This art lesson is dedicated to Mark Rothko and warm & cold colors.
Mark Rothko was an Abstract Expressionist painter. He was looking for ways to capture emotions in the purest forms. From people and mythological stories to organic shapes and then finally: only color.
You can follow links below to download presentations to use with your kids (and your students), showing the different paintings he made before he decided to embrace total abstraction.
Ask the kids what are the cold and warm colors? What emotions tie in with them? Hoe do these colors make them feel?
Then you can create a project inspired by Mark Rothko.
You can make your own canvas and paint it with watercolors or capture your emotions with color and basic symbols with oil pastels.
K to 2 presentation (make your own canvas): http://1drv.ms/1g3DteD
This is a really fun project that needs some prep time. You can either cut small pieces of cardboard and the sheets and bring those to the class (one per child) or you can make bigger ones and let them work in groups (easier prep, just make sure you help them stretch the fabric over the cardboard and use a little bit of the glue underneath it). Just cut a piece of cardboard, a piece of sheet and let the kids glue it on. Then use liquid watercolors (and ADD WATER to them – at least 50/50) and paint them with wither warm or cold colors. Why do you need to add water? The canvas is not primed and it will ‘drink’ a lot of the water. You can use paint as well (or instead of the watercolors).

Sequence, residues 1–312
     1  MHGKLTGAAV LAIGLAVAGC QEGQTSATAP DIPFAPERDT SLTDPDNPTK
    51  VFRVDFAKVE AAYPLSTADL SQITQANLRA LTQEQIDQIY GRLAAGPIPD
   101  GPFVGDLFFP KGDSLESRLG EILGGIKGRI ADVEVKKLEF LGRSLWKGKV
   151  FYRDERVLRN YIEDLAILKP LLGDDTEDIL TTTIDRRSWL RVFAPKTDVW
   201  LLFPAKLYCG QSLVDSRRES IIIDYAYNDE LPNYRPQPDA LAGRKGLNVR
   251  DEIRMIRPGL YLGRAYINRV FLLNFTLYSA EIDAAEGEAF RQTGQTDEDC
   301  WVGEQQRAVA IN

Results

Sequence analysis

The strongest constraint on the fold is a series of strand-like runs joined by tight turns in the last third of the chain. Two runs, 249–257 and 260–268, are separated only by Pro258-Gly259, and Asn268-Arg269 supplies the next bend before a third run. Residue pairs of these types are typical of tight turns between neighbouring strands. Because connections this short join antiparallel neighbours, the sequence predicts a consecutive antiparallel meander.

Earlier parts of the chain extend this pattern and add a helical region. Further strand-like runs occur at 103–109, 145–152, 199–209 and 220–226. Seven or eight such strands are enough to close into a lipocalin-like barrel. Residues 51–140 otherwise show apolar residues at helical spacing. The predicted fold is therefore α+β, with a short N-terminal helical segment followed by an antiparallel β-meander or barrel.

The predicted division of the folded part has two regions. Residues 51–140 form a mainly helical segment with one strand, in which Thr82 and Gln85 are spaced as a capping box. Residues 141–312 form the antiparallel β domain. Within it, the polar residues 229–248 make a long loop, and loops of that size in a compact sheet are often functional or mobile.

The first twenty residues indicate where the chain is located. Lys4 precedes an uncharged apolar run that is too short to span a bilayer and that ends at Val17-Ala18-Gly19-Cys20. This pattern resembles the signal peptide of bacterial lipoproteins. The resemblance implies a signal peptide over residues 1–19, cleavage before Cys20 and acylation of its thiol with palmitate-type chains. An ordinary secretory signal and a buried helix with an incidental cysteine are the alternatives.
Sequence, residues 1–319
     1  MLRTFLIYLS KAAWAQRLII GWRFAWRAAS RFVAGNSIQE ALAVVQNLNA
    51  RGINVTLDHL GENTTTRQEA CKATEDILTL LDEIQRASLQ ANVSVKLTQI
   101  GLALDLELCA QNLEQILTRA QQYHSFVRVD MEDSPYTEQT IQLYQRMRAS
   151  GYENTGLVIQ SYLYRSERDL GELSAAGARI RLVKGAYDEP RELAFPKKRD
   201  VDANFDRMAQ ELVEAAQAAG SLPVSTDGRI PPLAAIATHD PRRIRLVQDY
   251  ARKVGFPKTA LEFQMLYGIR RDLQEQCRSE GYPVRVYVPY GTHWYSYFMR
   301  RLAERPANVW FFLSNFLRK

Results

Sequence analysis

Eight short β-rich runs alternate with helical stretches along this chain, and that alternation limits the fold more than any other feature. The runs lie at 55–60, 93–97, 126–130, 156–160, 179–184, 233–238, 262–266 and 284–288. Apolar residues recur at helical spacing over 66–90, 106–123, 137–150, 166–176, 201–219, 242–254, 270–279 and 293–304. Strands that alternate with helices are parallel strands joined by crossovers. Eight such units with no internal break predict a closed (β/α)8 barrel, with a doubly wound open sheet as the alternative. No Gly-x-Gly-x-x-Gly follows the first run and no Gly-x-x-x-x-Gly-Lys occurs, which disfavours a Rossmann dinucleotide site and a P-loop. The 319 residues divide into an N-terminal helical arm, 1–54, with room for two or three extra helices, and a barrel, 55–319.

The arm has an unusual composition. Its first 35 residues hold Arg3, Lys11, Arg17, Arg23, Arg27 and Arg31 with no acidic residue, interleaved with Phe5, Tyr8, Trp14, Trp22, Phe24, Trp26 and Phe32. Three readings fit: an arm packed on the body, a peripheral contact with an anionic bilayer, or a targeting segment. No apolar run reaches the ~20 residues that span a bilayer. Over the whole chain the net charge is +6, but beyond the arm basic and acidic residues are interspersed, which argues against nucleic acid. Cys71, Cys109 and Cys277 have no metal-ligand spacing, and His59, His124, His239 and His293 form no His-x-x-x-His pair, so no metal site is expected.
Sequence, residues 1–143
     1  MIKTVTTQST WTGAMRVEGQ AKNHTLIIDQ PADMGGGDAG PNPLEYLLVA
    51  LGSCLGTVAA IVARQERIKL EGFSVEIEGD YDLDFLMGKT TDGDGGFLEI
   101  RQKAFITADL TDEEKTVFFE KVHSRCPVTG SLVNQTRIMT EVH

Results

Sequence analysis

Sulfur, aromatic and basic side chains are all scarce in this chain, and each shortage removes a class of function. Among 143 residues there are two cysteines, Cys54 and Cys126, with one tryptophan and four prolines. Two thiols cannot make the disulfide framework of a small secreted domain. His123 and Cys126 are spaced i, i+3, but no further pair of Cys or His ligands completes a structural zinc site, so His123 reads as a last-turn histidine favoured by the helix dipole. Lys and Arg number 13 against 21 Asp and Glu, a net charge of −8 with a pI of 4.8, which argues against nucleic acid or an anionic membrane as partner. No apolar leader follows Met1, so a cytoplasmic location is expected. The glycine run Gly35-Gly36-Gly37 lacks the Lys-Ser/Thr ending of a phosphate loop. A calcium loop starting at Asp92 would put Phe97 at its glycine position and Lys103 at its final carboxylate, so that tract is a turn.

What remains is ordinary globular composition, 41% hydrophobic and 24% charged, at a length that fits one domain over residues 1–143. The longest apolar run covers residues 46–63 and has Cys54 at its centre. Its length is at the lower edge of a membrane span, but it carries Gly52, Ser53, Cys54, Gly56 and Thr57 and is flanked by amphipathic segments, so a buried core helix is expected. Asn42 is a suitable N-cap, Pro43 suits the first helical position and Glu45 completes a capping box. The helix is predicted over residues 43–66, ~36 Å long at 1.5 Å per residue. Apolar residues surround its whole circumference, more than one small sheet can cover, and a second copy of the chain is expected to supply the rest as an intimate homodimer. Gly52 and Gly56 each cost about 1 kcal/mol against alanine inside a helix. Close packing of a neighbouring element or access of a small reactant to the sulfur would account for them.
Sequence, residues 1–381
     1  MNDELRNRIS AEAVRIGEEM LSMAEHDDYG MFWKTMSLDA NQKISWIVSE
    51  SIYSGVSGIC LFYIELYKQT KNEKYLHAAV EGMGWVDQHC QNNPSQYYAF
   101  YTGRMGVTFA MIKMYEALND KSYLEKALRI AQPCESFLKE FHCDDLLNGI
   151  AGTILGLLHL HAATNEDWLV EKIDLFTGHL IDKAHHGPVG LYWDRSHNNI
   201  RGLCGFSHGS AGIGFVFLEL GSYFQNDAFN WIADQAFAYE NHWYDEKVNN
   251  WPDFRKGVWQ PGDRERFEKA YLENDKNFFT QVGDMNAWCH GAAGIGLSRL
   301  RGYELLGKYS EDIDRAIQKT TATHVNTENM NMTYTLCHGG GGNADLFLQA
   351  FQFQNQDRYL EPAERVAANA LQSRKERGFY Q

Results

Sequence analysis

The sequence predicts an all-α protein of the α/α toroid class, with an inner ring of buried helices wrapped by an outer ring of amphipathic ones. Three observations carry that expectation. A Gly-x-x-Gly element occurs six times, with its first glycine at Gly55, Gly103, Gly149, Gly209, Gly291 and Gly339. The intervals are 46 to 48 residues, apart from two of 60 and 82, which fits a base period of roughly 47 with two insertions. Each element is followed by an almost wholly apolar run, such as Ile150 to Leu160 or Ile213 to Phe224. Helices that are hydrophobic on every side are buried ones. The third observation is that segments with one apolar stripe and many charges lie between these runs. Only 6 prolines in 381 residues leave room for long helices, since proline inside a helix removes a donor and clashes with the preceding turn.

If you want to make the small canvases, you will need approx. 1 large box and 1 crib sheet for 25 kids. I would also recommend to bring several large ‘canvases’ for kids to work on together once they are finished, or watercolor paper so that they can create more artworks (and try both warm and cold colors).
3 to 5 presentation (capture your emotions): http://1drv.ms/1efFYMt
This project is also very easy and there is no prep time needed. Just follow the presentation and ask the kids about emotions they want to capture. Discuss how they can do that (happiness: bouncing ball, sunshine, flowers, rainbow) and give them watercolor paper and oil pastels (in either warm or cold colors). Either divide a classroom into 2 parts (warm vs cold) or let each of them choose (doing it by tables is going to be easier.) Let the kids draw the thing that they associate with the emotion (keeping it more abstract as the grades get higher, older ones can sketch first). Then give them watercolors to paint over the pictures.
In any case, remind the kids to not mix warm and cold colors. Also, do not use much white or black. Wash brushed before changing colors with the watercolors. And most importantly: have fun!
If you would like to get more projects about Rothko and Color, you can purchase the magazine subscription and receive this issue within 24 hours! This week, it is on sale for $4.99 for 12 issues on Plum District.
You can also ask us about the school subscription with support, online art docent trainings and magazine for ALL kids at your school!